Nevertheless, even in states where self-help is available, it has remained a neglected remedy. Attorneys who represent commercial landlords are often reluctant to advise their clients to use this neglected self-help remedy to regain possession of leased premises from defaulting commercial tenants. This reluctance stems, in part, from the perception that courts are generally hostile to a commercial landlord’s use of self-help because it renders a forfeiture of the premises before a tenant can litigate its right to remain in possession. In addition, because of the lack of use of self-help, many attorneys are unfamiliar with this body of law and are hesitant to employ such an aggressive measure. Courts also refuse to approve use of self-help where there is ambiguity in the lease terms or factual questions concerning the expiration of the lease. Moreover, landlords who wrongfully eject commercial tenants from real property by force or other unlawful means, before the end of the lease term, may be subject to suit under statutes that allow tenants to sue for treble damages and to be restored to possession (see, eg, New York’s Real Property and Proceedings Law, Section 853).
This combination of general court hostility and attorney reluctance to recommend the use of proper self-help measures has created a situation in which commercial tenants have been allowed to violate their leases or extend them based on technical or frivolous defenses, sometimes for months and years at a time, in blatant disregard of the lease terms. In addition to the loss of rental income that often accompanies such disputes, landlords faced with this situation lose valuable time to repair, renovate, and re-let their premises to responsible tenants. These circumstances also adversely affect any effort by the landlord to sell the leased premises to potential buyers.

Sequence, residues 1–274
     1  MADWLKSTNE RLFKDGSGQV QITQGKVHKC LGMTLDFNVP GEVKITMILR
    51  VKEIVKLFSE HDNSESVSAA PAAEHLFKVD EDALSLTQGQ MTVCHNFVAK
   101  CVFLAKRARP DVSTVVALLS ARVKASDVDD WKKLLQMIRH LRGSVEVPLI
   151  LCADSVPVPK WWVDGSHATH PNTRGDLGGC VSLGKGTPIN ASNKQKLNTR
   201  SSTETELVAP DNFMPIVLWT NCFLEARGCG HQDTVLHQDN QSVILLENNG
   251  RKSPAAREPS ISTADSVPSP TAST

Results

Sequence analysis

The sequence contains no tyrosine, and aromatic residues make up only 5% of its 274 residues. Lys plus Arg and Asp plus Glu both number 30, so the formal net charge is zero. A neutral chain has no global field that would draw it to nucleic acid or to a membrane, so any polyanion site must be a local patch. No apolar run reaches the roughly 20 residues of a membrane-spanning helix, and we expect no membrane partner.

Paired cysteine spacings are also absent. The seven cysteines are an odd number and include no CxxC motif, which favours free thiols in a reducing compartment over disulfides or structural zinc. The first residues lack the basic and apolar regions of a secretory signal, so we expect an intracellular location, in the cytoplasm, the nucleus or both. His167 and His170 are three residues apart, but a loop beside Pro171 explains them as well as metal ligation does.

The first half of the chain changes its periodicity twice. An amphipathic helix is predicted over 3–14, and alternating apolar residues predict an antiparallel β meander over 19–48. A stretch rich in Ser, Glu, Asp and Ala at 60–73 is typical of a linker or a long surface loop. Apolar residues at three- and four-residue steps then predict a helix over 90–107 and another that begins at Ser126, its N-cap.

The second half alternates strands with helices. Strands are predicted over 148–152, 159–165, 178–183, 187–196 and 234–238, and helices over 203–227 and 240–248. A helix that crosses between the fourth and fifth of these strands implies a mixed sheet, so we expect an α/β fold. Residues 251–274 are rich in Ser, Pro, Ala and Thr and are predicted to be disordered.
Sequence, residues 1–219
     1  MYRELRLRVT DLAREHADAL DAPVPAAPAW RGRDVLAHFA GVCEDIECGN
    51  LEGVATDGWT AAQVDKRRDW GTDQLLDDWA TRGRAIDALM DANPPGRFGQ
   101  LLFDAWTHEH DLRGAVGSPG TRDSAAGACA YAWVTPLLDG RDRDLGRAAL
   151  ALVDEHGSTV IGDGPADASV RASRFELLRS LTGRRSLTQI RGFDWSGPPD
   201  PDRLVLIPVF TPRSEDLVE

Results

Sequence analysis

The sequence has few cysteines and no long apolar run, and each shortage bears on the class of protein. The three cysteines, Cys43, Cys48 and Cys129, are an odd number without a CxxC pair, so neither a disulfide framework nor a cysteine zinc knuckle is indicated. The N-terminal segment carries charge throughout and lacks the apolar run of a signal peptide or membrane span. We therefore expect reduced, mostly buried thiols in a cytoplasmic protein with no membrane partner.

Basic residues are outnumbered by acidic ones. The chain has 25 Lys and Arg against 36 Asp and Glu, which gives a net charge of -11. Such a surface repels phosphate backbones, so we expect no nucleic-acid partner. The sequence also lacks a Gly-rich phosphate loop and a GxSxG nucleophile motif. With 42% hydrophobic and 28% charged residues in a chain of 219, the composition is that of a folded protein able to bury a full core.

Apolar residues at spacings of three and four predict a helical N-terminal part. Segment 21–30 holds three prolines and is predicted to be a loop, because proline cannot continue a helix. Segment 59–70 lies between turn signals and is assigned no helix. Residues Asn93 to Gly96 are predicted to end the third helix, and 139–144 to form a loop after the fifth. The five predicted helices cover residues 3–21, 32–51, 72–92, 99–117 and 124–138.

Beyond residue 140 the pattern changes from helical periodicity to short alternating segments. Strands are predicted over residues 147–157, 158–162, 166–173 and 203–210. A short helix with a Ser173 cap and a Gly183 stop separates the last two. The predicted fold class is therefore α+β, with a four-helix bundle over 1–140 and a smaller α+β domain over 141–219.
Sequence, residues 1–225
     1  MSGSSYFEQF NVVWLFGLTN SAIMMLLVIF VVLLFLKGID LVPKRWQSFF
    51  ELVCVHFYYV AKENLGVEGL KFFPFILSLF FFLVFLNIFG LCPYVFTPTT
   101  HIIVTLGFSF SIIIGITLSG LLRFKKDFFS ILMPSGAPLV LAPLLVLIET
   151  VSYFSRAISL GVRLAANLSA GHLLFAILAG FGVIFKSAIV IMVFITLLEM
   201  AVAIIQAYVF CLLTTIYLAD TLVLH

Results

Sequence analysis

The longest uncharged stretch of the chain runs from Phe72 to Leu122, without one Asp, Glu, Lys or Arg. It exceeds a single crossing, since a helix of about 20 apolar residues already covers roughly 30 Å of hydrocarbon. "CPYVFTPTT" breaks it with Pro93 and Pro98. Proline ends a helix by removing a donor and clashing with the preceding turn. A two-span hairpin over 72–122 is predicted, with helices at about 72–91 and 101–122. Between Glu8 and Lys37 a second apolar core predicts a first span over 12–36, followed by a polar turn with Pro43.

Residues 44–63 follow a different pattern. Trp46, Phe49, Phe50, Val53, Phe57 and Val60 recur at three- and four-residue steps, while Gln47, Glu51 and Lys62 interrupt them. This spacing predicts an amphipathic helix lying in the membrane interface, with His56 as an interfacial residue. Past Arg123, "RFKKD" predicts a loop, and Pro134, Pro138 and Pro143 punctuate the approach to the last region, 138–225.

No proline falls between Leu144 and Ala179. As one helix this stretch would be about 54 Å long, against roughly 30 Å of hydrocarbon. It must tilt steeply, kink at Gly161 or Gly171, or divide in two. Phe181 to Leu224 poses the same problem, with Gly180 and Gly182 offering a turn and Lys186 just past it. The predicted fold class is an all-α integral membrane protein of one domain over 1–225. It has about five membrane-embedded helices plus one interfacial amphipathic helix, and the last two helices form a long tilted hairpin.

It would seem, therefore, that, in those states that allow it, commercial landlords have every incentive to insist on including a proper and effective self-help provision in their commercial leases. With appropriate draftsmanship and proper execution of the self-help measures provided in their leases, commercial landlords should not be reluctant to exercise their right to peaceable re-entry whenever such action is warranted. Indeed, with the availability of self-help written into the lease, it is likely that most tenants are going to be very careful to avoid any action that will place themselves in default and thereby become subject to immediate peaceable eviction. In this way, commercial landlords may both a) provide an incentive for their tenants to comply with the lease terms, and b) be able, when compelled to use self-help, to re-let the premises in a timely fashion without having to await the outcome of costly and lengthy litigation before doing so.